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Effects of virtual reality simulator training method and observational learning on surgical performance.

Snyder CW, Vandromme MJ, Tyra SL, Porterfield JR, Clements RH, Hawn MT. Effects of virtual reality simulator training method and observational learning on surgical performance. World Journal of Surgery. 2011 Feb 1; 35(2):245-52.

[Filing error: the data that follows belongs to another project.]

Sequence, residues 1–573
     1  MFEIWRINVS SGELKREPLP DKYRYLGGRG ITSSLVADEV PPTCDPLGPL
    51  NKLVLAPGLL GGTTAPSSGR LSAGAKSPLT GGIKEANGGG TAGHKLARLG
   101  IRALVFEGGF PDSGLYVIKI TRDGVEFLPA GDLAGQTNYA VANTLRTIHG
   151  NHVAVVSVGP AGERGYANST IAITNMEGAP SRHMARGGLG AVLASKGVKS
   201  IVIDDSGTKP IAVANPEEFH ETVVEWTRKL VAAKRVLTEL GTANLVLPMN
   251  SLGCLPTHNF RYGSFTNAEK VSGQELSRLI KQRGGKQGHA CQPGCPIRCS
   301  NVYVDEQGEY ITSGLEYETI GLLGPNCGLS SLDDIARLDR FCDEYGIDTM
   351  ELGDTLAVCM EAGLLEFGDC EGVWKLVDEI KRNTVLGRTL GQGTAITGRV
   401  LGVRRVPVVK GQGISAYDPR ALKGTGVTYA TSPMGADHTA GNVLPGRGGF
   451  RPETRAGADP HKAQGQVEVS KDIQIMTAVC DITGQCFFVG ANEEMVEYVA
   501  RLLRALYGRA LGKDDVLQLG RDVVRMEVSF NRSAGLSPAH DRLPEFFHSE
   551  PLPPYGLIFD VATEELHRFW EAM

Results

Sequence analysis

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BACKGROUND: Virtual reality (VR) simulators and Web-based instructional videos are valuable supplemental training resources in surgical programs, but it is unclear how to optimally integrate them into minimally invasive surgical training. METHODS: Medical students were randomized to proficiency-based training on VR laparoscopy and endoscopy simulators by two different methods: proctored training (automated simulator feedback plus human expert feedback) or independent training (simulator feedback alone). After achieving simulator proficiency, trainees performed a series of laparoscopic and endoscopic tasks in a live porcine model. Prior to their entry into the animal lab, all trainees watched an instructional video of the procedure and were randomly assigned to either observe or not observe the actual procedure before performing it themselves. The joint effects of VR training method and procedure observation on time to successful task completion were evaluated with Cox regression models. RESULTS: Thirty-two students (16 proctored, 16 independent) completed VR training. Cox regression modeling with adjustment for relevant covariates demonstrated no significant difference in the likelihood of successful task completion for independent versus proctored training [Hazard Ratio (HR) 1.28; 95% Confidence Interval (CI) 0.96-1.72; p = 0.09]. Trainees who observed the actual procedure were more likely to be successful than those who watched the instructional video alone (HR 1.47; 95% CI 1.09-1.98; p = 0.01). CONCLUSIONS: Proctored VR training is no more effective than independent training with respect to surgical performance. Therefore, time-consuming human expert feedback during VR training may be unnecessary. Instructional videos, while useful, may not be adequate substitutes for actual observation when trainees are learning minimally invasive surgical procedures.

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